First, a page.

philanthropicindustrialcomplex  charitableindustrialcomplex  democracy  governance  government  detroit  cleveland  rustbelt  us  policy  politics  influence  control  power  inequality  cities  capitalism  2012  michigan 
october 2018 by robertogreco
James Bridle on New Dark Age: Technology and the End of the Future - YouTube
"As the world around us increases in technological complexity, our understanding of it diminishes. Underlying this trend is a single idea: the belief that our existence is understandable through computation, and more data is enough to help us build a better world.

In his brilliant new work, leading artist and writer James Bridle surveys the history of art, technology, and information systems, and reveals the dark clouds that gather over our dreams of the digital sublime."
quantification  computationalthinking  systems  modeling  bigdata  data  jamesbridle  2018  technology  software  systemsthinking  bias  ai  artificialintelligent  objectivity  inequality  equality  enlightenment  science  complexity  democracy  information  unschooling  deschooling  art  computation  computing  machinelearning  internet  email  web  online  colonialism  decolonization  infrastructure  power  imperialism  deportation  migration  chemtrails  folkliterature  storytelling  conspiracytheories  narrative  populism  politics  confusion  simplification  globalization  global  process  facts  problemsolving  violence  trust  authority  control  newdarkage  darkage  understanding  thinking  howwethink  collapse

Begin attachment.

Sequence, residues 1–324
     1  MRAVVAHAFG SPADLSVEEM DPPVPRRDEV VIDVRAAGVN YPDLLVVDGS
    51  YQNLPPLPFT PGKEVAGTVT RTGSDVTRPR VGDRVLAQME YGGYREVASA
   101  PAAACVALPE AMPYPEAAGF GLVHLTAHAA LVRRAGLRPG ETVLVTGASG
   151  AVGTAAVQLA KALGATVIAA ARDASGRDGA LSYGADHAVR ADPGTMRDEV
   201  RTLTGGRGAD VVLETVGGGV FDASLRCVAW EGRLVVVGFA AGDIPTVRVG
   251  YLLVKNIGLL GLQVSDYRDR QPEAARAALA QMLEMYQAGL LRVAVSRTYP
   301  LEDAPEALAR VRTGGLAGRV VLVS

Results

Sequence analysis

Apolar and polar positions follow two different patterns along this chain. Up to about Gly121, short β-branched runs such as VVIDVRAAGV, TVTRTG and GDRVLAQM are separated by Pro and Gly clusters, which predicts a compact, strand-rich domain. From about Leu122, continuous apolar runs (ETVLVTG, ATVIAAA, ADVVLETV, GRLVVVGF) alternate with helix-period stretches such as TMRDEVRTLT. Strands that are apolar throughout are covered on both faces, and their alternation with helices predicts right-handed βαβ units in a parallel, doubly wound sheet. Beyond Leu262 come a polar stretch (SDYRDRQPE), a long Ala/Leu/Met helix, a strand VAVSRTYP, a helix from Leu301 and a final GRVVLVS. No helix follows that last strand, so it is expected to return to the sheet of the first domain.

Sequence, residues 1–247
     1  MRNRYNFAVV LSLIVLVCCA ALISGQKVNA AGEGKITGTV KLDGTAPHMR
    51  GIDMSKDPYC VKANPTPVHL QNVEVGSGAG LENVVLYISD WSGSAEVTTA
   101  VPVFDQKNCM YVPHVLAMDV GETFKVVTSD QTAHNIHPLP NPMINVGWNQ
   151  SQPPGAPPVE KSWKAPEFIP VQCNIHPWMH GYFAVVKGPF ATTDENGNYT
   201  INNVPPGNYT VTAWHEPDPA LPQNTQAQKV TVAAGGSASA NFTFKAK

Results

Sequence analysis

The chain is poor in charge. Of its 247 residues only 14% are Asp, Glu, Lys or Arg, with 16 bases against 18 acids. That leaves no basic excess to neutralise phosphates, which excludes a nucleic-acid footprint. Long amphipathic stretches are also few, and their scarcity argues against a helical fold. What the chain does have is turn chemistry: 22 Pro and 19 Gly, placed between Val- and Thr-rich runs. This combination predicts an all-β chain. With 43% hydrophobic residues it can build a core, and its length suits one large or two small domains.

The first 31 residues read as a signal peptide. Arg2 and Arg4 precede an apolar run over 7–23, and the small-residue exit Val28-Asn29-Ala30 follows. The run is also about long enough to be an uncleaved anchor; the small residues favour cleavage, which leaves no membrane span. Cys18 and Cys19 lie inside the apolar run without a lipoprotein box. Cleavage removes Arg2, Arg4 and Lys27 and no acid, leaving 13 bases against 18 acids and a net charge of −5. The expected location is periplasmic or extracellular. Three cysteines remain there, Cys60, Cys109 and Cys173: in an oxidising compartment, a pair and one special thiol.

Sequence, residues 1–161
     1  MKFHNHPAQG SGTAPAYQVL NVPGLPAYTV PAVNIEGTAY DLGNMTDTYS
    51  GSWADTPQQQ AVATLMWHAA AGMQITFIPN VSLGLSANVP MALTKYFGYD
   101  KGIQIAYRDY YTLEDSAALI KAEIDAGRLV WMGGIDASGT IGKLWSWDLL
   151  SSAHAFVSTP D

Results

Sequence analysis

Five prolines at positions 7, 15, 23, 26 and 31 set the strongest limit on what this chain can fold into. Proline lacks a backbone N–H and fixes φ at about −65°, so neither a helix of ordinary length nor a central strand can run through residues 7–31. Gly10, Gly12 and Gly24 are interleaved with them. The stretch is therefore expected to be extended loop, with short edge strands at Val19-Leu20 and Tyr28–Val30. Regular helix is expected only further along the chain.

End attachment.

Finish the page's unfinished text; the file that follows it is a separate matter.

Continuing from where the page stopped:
september 2018 by robertogreco
Why the return of Animal Crossing feels so good - Polygon
"THE POWER OF NICE

A seemingly-unrelated selection of shows and movies in the past few years have each gained their fair share of critical acclaim, popularity and financial success, all linked by one common trait: They’re unrelentingly nice.

The Paddington movies have both found massive critical and box office success, all while essentially being feature-length commercials about the virtues of being polite and kind. Paddington 2 is currently the highest-rated Rotten Tomatoes movie of all time, usurping Toy Story 2’s record of the most consecutive certified Fresh ratings from reviewers. The total number of tracked positive reviews for Paddington 2 is 205, compared to zero negative reviews, for those counting at home.

Won’t You Be My Neighbor?, a heartfelt and straightforward documentary about the life and work of Mister Rogers, is now the highest-grossing biographical documentary of all time.

[embed: https://www.youtube.com/watch?v=FhwktRDG_aQ ]

But this trend (can I call it “nicecore?”) isn’t just limited to theatres.